Joe Johnson, first tenant of the Triangle

Joe Johnson photo
Joe Johnson in later years

Joe Johnson was born in Salford on 15 March 1856; in the 1881 census he was listed as a 25 year old paviour, working for Salford Corporation like his father, John, who was a foreman in the same trade. The surveyor was moving to Lancaster in the early 1880s, and asked Joe to join him there as there was work to be had building new streets; Joe made the move but felt so homesick that he asked for a rise to make the transfer worthwhile.

At a Lancaster Council Streets Committee meeting on 18 July 1887 (reported by the Lancaster Gazette on 30 July) it was agreed that “a portion of land … abutting on the canal” should be let for £1 a year; this may have been the land that we know as the Triangle but which Joe Johnson used as his yard. If so, he must already have been in business elsewhere in the town, as his daughter remarked in 1984 that the firm would have been 100 years old. Indeed, in July 1887 the same copy of the Gazette reported that Joe Johnson’s tender for work on “various back streets” had been accepted at £220 19s 3d. The following year, on 25 August 1888 the Gazette reported that another meeting of the Streets Committee declared the following streets “to be highways, the same having been sewered, levelled, paved, flagged, metalled, channelled and made good to the satisfaction of the Urban Authority” namely Regent Street including South Regent Street, Back Regent Street, Portland Street and Carr House Lane. Presumably Joe Johnson and his men were responsible for much of the above work.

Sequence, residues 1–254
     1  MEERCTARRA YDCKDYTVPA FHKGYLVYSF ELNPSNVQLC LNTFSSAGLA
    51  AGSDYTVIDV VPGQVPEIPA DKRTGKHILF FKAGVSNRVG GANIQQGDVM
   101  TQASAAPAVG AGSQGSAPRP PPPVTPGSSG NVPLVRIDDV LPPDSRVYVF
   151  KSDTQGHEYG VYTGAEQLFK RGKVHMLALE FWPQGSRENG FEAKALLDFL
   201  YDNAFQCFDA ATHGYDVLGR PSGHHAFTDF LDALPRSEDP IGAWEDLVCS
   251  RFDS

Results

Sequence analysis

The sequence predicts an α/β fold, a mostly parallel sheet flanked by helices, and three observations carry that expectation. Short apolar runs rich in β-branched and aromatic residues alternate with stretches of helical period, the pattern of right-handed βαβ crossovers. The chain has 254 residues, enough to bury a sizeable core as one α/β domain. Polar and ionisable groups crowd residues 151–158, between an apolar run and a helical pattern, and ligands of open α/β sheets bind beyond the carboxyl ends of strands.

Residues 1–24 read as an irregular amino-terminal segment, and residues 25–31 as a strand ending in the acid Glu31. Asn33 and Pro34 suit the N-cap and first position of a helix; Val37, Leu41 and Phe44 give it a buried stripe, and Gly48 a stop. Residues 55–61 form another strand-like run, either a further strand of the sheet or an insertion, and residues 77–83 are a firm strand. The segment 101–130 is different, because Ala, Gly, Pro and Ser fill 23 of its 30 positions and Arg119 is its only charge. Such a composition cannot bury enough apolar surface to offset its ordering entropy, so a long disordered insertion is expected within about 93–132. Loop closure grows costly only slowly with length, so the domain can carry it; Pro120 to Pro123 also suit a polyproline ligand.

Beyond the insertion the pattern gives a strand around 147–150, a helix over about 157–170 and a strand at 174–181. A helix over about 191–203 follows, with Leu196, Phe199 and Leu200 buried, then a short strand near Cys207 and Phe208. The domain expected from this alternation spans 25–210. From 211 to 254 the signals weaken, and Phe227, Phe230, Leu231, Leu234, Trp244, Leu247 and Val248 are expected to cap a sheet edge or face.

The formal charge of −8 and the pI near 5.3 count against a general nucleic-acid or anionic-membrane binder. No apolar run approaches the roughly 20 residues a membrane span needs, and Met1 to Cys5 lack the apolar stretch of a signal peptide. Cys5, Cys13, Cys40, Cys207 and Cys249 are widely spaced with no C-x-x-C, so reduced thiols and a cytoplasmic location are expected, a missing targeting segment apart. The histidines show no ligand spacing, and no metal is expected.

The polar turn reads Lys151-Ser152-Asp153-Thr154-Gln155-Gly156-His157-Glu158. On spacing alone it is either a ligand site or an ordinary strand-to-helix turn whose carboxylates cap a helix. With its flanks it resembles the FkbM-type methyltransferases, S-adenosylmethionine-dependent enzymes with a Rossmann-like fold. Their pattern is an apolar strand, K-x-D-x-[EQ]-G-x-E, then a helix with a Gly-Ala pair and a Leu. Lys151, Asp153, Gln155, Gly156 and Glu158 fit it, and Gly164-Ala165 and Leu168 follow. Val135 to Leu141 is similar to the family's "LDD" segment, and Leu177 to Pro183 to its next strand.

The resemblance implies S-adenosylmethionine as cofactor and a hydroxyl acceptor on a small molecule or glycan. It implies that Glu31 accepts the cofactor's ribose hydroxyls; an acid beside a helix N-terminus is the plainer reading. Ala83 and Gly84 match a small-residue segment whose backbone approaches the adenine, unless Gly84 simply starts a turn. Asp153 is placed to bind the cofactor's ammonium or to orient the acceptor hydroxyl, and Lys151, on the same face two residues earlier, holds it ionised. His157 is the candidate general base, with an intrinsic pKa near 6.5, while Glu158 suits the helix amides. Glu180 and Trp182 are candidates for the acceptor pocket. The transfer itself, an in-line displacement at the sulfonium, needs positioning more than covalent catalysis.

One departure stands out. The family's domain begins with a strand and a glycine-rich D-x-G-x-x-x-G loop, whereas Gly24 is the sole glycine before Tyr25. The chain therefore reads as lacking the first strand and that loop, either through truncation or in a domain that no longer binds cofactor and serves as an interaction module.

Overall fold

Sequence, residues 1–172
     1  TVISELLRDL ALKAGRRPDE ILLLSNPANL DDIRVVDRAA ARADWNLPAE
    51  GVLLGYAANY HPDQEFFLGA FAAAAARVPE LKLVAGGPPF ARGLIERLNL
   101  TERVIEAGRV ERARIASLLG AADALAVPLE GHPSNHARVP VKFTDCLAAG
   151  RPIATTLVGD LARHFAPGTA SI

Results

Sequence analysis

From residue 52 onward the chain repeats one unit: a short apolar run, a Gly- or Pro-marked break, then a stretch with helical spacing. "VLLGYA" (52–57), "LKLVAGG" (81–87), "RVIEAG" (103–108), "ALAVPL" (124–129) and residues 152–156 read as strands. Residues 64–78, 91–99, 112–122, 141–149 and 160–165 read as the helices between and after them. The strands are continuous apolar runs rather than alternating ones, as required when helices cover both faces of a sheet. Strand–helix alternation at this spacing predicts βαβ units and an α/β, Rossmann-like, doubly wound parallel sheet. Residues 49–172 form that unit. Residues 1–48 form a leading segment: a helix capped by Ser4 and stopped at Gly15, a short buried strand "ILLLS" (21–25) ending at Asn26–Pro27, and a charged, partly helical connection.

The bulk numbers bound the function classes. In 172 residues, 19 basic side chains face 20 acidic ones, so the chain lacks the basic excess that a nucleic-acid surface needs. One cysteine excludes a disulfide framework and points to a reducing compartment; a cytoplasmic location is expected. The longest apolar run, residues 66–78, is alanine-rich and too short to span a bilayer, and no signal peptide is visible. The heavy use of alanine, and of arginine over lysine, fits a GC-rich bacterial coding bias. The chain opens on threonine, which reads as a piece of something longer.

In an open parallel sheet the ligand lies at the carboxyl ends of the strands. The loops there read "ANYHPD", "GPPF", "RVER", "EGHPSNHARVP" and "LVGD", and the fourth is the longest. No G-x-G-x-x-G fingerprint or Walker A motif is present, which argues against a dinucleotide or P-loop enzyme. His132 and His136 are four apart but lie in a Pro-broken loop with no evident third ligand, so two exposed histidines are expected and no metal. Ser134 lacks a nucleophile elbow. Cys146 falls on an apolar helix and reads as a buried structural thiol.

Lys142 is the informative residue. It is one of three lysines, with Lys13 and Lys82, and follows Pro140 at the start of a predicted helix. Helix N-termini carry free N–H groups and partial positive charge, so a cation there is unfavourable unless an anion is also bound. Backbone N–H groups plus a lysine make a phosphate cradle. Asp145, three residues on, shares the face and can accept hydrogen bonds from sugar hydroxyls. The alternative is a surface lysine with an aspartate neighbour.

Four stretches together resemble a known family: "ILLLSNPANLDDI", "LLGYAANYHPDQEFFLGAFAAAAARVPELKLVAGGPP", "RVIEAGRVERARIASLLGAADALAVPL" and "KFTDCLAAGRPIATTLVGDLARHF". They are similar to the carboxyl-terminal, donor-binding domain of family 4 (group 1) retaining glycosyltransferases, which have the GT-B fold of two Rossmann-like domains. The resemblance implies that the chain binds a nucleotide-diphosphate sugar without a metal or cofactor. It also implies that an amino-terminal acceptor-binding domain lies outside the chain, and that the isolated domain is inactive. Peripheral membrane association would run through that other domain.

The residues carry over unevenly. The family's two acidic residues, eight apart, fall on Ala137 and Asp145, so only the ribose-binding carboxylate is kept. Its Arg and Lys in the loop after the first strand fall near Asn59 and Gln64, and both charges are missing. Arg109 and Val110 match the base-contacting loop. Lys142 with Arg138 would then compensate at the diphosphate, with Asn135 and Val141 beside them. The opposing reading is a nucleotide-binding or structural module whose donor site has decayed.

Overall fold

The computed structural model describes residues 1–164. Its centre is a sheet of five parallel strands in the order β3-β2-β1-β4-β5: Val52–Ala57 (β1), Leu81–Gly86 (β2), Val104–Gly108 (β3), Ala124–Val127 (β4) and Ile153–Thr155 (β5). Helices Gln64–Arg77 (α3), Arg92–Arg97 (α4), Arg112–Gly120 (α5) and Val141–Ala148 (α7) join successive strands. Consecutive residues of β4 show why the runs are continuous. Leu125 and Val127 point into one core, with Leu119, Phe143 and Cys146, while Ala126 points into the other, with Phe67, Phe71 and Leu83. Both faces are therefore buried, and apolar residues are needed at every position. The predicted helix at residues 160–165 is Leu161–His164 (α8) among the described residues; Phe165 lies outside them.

In 1893 Joe Johnson again tendered for work on Carr House lane, together with Eastham Street and Back Westham Street, for the sum of £280. 13s 6d, and the following year the Surveyor recommended him for work at the West End of Morecambe. By 1899 he had placed a block advertisement in Cook’s Directory as “Pavior, Asphalter, and General Contractor, dealing in Setts, Flags, Curb, Channel, Cobbles, Tufa Rockery, Spar Gravel, etc.” The building still remaining on the Triangle was used as Joe’s office, and the other buildings, now demolished, were his workshops. There was a gate on the canal side of the Triangle for the delivery of sand from Carnforth and stone from Silverdale.

On 19 December 1894 Joe finally won the hand of his sweetheart Ann Fox, who lived across the canal from the Triangle in the Canal Yard Cottage, and was working as a weaver at Storeys Mill. He had courted her unsuccessfully for some time but, as the eldest daughter of the widowed joiner Anthony Knowles Fox, she needed to stay at home to bring up her younger siblings. The Fox family had moved into the cottage with its joinery workshop in the 1860s and put down roots to such an extent that Basin Bridge came to be known as Fox’s Bridge.

Joe Johnson, Anne and Annie

Joe and Ann lived initially at 16 Brook Street, where on 31 March 1897 daughter Annie was born, but Joe had already been given planning permission to build 6 houses on Cromwell Road just the other side of the railway line. When Annie was two, the family moved into 36 Cromwell Road, at the far end of the eastern terrace, and Joe’s brother Edward, who had become a partner in the firm, joined them at no. 3.

Annie and a cousin, at Joe’s yard
in 1905 with one of Joe’s ponies

Annie recorded in her later years that her father had told her about the time in 1896/98 when his firm had won the contract to lay a pipe across the canal at Hest Bank. One evening about 10 pm Edward went to check that things were satisfactory, only to find to his horror that the canal had burst. The quickest way to bring his brother Joe to the scene was to send a light railway engine to Lancaster to pick him up; presumably Joe had to scale the embankment at his home on Brook Street to gain access to the locomotive! The damage was repaired, and Joe was relieved to learn that the borough surveyor had given him the wrong measurements, thus absolving him of blame. He went on to win two contracts to install pipes across the Lune too.